Looking ahead to the unique global challenges in 2018, U.S. Sen. Lindsey Graham recently sounded an alarm regarding the potential threats America will face.
Specifically, the South Carolina Republican cited North Korea and Iran as two nations potentially presenting “extreme danger” to the U.S. in the coming year.
Graham, who serves on the Senate Armed Services Committee, made his ominous remarks Sunday in an interview on CBS’ “Face the Nation.”
Speaking about North Korea, which has staged increasingly provocative displays of its missile technology, Graham said the nation could push President Donald Trump to launch a military strike.
“The president has drawn a line in North Korea telling the regime, ‘I will never let you hit America with a nuclear-tipped missile. If I have to, I’ll use military force to stop you,'” he said. “Now, the Iranians are watching the way he engages with North Korea, and vice versa. So we’ve got a chance here to deliver some fatal blows to really bad actors in 2018.”
The stakes are high, he said, and if played correctly the U.S. could make inroads toward making the world a safer place.
“But if we blink, God help us all,” he warned.
Though Graham does not believe Kim Jong Un’s regime in North Korea currently possesses the technology needed to reach the U.S. mainland with nuclear missiles, he said that if “test another bomb they’re closer to having that capability.”
He stood by his previous prediction that if North Korea stages another missile test, the chance of U.S. military action in response would increase from 30 to 70 percent.
“Sanctions will never work completely without the threat of credible military force,” he added. “How do you change a man’s behavior who’s willing to kill his own family, torture his own people to stay in power?”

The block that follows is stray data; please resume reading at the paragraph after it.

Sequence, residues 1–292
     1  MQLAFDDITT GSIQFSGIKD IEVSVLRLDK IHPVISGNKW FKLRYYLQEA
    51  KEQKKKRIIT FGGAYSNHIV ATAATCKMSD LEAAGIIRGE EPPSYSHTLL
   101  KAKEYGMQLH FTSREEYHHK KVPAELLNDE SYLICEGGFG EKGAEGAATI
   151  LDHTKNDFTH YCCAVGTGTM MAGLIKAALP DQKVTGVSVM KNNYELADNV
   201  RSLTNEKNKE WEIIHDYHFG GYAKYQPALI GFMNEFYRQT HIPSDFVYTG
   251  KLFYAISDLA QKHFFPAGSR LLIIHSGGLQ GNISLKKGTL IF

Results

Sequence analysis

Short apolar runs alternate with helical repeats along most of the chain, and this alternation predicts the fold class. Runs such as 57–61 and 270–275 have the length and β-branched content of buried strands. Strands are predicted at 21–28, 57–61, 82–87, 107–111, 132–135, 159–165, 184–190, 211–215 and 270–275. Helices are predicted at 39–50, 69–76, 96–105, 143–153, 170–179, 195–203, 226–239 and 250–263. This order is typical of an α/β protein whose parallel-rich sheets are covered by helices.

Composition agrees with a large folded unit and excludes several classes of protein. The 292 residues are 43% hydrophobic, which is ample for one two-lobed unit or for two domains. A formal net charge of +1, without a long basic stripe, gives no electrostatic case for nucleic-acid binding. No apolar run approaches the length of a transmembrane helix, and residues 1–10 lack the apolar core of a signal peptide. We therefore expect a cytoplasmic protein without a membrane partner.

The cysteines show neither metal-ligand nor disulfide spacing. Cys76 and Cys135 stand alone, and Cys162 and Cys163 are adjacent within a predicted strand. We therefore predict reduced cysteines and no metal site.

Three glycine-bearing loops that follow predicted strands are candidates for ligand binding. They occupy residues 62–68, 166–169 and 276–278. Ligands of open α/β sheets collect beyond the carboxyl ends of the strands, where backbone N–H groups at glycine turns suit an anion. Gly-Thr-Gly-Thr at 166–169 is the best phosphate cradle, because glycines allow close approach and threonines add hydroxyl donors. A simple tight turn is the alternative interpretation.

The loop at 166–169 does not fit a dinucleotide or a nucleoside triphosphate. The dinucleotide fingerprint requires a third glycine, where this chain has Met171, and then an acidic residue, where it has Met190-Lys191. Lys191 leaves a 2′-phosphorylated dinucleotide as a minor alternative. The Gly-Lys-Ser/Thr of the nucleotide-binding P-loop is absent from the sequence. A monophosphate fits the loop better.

Graham urged Trump not to avoid military action if it becomes necessary.
“We’re actually closer, in my view, to a nuclear war with North Korea and in that region than we have ever been,” he said. “And I just don’t see … the opportunities to solve this diplomatically at this particular point.”
Kim will only reform his pattern of intimidation, the senator added, “if he believes Donald Trump would use military force to destroy his regime.”
While North Korea is testing America’s military resolve, he said Iran is watching the standoff unfold as its own citizens continue demonstrating against a repressive government.
Trump has expressed support via Twitter for the protesters, but Graham suggested the situation calls for more direct action.
“The Iranian people are not our enemy,” Graham said. “The Ayatollah is the enemy of the world.”
If he were president, he said he would “explain what a better deal would look like” for the Iranians upset with their current form of government.
“It’s not enough to watch,” he said. “President Trump is tweeting very sympathetically to the Iranian people. But you can’t tweet here. You have to lay out a plan.”
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